“A central team has also been established in the Cabinet Office to deliver the Summit, working closely with the Commonwealth Secretariat and member states. The dedicated unit will report directly to the Prime Minister, who has appointed Tim Hitchens as its CEO. Tim Hitchens was previously British Ambassador to Japan, and has served as Africa Director and Europe Director in the Foreign Office, and also as Assistant Private Secretary to The Queen.”
With the Baroness Scotland scandal back in the news, her former special adviser Matthew Doyle went out to bat for her on the World at One. He was grilled repeatedly about his massive taxpayer-funded contract, refusing to answer several times before claiming the figures reported are wrong:
BBC: “It’s been reported that you yourself were paid £15,000 per month.”
Doyle: “Yeah and you’ve seen these sorts of stories about the official residence… I think what’s important to recognise is the fact that the official residence is redecorated every time there’s a new Secretary-General. But look these things ultimately aren’t what matters.”
BBC: “And your salary?”
Doyle: “… Aren’t what matters in terms of the work of the Commonwealth. What matters is that the Commonwealth continues to deal with those big challenges that there are…”
BBC: “Indeed, but just on this question about your salary, which I notice you’re not answering.”
Doyle: “Well the figures aren’t correct but I really don’t think that that’s important.”
A straight denial that his salary was £15,000 per month. Below is Doyle’s Commonwealth contract, bearing his signature, showing his salary was two monthly instalments of £15,000 followed by a third if £18,000:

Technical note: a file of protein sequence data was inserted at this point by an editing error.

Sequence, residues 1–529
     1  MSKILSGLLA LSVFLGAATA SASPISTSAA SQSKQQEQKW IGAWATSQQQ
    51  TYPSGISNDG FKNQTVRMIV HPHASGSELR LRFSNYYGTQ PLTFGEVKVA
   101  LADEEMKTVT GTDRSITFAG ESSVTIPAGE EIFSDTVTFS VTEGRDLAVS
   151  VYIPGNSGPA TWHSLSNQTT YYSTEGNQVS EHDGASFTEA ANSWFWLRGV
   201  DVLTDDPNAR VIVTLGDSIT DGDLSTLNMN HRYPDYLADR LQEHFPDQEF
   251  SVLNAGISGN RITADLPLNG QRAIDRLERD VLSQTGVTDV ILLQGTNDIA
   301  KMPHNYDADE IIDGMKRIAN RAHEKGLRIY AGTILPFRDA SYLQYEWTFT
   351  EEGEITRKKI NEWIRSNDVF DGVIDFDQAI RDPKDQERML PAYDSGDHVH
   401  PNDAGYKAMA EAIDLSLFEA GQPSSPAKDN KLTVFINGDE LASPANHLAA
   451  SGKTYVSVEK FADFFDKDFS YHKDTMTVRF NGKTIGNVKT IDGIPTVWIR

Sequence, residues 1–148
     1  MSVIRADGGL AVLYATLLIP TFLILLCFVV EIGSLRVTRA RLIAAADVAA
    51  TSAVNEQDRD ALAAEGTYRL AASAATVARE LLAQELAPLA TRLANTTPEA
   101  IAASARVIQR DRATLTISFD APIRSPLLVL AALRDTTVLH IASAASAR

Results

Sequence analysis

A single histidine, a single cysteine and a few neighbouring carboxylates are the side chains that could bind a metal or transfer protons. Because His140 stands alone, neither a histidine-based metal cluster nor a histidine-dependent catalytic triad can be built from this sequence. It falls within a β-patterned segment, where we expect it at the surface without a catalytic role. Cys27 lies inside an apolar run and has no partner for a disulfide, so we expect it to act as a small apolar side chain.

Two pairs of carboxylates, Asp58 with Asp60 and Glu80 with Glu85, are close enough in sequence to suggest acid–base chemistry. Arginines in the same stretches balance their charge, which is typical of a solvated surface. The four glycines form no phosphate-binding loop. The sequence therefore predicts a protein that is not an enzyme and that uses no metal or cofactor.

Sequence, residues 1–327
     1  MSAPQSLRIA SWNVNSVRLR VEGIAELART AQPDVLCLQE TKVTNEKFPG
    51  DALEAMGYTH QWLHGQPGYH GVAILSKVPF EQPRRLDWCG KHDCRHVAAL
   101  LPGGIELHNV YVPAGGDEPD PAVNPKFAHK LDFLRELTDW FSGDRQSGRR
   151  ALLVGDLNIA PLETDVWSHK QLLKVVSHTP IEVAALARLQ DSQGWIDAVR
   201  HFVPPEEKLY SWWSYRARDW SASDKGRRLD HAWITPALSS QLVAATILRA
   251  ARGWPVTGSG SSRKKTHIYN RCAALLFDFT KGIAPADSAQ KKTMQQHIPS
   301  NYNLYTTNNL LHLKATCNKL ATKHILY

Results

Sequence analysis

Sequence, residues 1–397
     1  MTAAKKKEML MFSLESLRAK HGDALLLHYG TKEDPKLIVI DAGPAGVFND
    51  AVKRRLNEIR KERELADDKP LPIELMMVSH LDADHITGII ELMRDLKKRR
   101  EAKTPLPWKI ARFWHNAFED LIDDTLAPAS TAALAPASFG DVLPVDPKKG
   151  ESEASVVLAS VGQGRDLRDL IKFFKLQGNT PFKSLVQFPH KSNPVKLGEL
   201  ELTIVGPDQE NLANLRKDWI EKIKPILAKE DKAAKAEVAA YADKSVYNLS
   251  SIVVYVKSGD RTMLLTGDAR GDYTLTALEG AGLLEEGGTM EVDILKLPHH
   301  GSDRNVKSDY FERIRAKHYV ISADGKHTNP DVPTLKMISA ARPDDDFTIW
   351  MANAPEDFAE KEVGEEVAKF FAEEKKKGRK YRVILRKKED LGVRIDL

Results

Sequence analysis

This contract bears Doyle’s signature. He just said on the radio that the figures in it are not correct. Remarkable behaviour…
The BBC has some major developments in the Baroness Scotland expenses scandal: the government has sent in two senior civil servants to take charge of the Commonwealth Secretariat following complaints about her leadership and extravagant spending. Former FCO official Sir Simon Gass has been installed as chief operating officer at the Secretariat and Tim Hitchens, another former FCO mandarin, has been put in charge of next year’s Commonwealth summit. The Queen has also snubbed Baroness Scotland’s main Commonwealth Day event. James Landale quotes senior sources as saying:
“The Queen has only got to nip down the road from Buckingham Palace to Marlborough House in a Bentley. It’s not that hard. And yet she has decided not to come. The Palace are thinking there is so much more to be done with the Commonwealth and yet they are lumbered with such poor leadership. The Commonwealth is stuffed. The High Commissioners have all given up on (Lady Scotland). They have other fish to fry. I do wonder if she can survive. She just treats people appallingly. And she has this political tin ear.”
The Queen and the government are throwing the Baroness under a bus and diplomats are speculating whether she can survive. Will she still be in post by the time of next year’s CHOGM summit?
Baroness Scotland refused to answer questions about her conduct as she delivered Transparency International’s annual anti-corruption lecture last night. The organisers had said Scotland would address her expenses scandal, telling guests it was the “ideal opportunity for her to respond directly to those claims, as well as allowing members of the public and press to raise any questions they may wish to ask”. Alas, Baroness Scotland told an unimpressed audience she was “unable” to answer questions on the scandal because the press regulator is investigating. There is no reason an IPSO investigation means she cannot answer questions, the Baroness is stretching the truth once again…
Scotland did tell the room that corruption “is a scourge which holds in thrall millions of our Commonwealth sisters and brothers… the Commonwealth will.. eliminate the scourge of corruption from institutions of governance and public life at every level”. We know where to start…